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May 25, 2013

Phil Hansen: Embrace the shake

Hansen challenged himself to create art using unconventional materials (dandelion puffs, matches, live worms, hamburger grease) and canvases (a stack of Starbucks cups, his torso, bananas). The resulting time-lapse videos of his creative processes are his meta-art, showing that art is action, not just results. 
Through an integrated view of what sparks creativity, Hansen has devoted himself to teaching others the approaches to creativity that have changed both his outlook and his artistic endeavors. 
Hansen has just started a new project via Kickstarter, inviting people to share their stories of overcoming limitations with him. 
Anyone who calls him at  651-321-4996  and tells him their story will become a part of the work, the creation of which is watchable on a live feed.

Where are the millionaires!

Where is the wealth concentrated in the world! According to a new report from WealthInsight, Tokyo is beating out New York and London. 
The Economist notes that the city, which boasts 460,700 individuals with net assets of $1m or more (excluding their primary residences), is home to over a fifth of Japan's millionaires. However, when it comes to real money London tops the list with 4,224 multi-millionaires.  
But the real surprise is Frankfurt which has the highest millionaires per capita (with 75 out of every 1000 people having at least a seven figure net worth).

Source: The Economist

Cosmetic surgery boom in crisis-stricken Greece and Italy

While the Greek economy remains under the proverbial knife of the Troika, it appears the wealthy are unconcerned by the plight of their fellow countrymen.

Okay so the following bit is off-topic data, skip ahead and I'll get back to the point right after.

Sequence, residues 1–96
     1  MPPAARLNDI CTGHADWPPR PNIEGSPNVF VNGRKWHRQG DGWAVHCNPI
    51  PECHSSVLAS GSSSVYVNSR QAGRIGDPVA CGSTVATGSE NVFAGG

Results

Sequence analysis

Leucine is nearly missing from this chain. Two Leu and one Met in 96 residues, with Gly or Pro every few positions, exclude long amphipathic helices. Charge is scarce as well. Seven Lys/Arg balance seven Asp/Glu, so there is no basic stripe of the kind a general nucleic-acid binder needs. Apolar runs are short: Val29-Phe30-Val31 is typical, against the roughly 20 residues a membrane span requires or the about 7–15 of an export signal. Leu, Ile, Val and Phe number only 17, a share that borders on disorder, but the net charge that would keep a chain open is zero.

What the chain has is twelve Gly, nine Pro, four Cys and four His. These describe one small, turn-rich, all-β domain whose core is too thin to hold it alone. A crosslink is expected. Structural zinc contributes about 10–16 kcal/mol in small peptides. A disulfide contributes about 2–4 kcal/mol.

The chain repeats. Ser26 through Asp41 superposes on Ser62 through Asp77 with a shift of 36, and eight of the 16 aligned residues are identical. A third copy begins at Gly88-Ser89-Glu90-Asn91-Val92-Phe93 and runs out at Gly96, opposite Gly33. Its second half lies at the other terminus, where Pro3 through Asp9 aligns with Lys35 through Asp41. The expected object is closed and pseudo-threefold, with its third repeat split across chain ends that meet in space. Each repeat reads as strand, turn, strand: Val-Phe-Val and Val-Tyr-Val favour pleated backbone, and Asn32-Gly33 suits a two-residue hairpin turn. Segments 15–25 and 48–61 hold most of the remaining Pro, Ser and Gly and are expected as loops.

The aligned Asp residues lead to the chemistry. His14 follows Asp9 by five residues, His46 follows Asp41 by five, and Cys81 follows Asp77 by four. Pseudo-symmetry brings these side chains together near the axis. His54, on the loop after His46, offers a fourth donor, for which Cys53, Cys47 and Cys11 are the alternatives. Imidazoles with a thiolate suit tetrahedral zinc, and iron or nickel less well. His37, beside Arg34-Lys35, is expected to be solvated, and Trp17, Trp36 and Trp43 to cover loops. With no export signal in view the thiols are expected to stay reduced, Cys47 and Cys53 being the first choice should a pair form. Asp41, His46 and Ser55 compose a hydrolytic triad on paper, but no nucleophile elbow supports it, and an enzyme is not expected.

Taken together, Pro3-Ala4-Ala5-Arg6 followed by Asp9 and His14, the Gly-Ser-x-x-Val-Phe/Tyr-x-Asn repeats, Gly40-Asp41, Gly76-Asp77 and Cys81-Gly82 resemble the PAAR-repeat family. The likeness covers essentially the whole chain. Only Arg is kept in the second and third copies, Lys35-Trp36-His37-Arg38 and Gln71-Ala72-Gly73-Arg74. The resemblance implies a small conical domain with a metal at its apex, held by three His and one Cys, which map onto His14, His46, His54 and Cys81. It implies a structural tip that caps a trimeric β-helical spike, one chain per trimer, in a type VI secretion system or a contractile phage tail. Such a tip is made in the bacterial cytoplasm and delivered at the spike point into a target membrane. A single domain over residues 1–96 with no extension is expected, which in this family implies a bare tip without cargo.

Der Spiegel reports that not only does Greece have the second highest rate of cosmetic surgery per capita in the world but thanks to a slumping economy, surgeons have cut prices by up to 40% while rich Greeks are never as before rushing to improve their looks.

Via Der Spiegel,
The economic crisis has forced thousands in Greece to rely on volunteers for even basic health care services.

Meanwhile, wealthier Greeks are having more facelifts and breast implants than anywhere in the world.


Every year, the International Society of Aesthetic Plastic Surgery (ISAPS) performs a survey of the number of plastic surgery procedures performed worldwide. When the numbers are compared to a country's population, the results are surprising for Greece. In 2011, 142,394 procedures were performed in the country, with its population of about 11 million. That means that, on average, one in 79 Greeks has had procedures such as liposuction, eyelid corrections and Botox injections performed on them. Worldwide, the Greeks rank only second to the South Koreans in terms of the number of cosmetic procedures performed per 1,000 inhabitants (see graphic). In Germany, with a population of about 81 million, there were 415,448 procedures in 2011, or one in about 200.

2011 was the year of the economic crisis, and yet Greece rose even higher in the international ranking. Looking good still seems to be important to the Greeks.